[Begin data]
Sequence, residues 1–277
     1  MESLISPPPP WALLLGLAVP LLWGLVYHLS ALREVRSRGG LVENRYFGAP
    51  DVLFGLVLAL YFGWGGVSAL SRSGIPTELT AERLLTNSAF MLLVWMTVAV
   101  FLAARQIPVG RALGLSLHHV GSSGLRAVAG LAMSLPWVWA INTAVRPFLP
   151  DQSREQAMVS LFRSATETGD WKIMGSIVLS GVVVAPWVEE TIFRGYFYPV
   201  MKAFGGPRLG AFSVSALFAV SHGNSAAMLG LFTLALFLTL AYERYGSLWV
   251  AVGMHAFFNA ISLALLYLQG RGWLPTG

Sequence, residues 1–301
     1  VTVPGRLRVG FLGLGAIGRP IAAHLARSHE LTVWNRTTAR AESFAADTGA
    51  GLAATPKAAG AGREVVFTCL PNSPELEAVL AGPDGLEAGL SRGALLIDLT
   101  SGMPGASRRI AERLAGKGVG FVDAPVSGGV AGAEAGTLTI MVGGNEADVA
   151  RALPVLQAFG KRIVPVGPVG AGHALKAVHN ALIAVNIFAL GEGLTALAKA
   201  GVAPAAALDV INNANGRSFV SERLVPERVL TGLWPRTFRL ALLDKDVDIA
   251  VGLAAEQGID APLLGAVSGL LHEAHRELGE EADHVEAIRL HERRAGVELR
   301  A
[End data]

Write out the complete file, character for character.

Sequence, residues 1–277
     1  MESLISPPPP WALLLGLAVP LLWGLVYHLS ALREVRSRGG LVENRYFGAP
    51  DVLFGLVLAL YFGWGGVSAL SRSGIPTELT AERLLTNSAF MLLVWMTVAV
   101  FLAARQIPVG RALGLSLHHV GSSGLRAVAG LAMSLPWVWA INTAVRPFLP
   151  DQSREQAMVS LFRSATETGD WKIMGSIVLS GVVVAPWVEE TIFRGYFYPV
   201  MKAFGGPRLG AFSVSALFAV SHGNSAAMLG LFTLALFLTL AYERYGSLWV
   251  AVGMHAFFNA ISLALLYLQG RGWLPTG

Sequence, residues 1–301
     1  VTVPGRLRVG FLGLGAIGRP IAAHLARSHE LTVWNRTTAR AESFAADTGA
    51  GLAATPKAAG AGREVVFTCL PNSPELEAVL AGPDGLEAGL SRGALLIDLT
   101  SGMPGASRRI AERLAGKGVG FVDAPVSGGV AGAEAGTLTI MVGGNEADVA
   151  RALPVLQAFG KRIVPVGPVG AGHALKAVHN ALIAVNIFAL GEGLTALAKA
   201  GVAPAAALDV INNANGRSFV SERLVPERVL TGLWPRTFRL ALLDKDVDIA
   251  VGLAAEQGID APLLGAVSGL LHEAHRELGE EADHVEAIRL HERRAGVELR
   301  A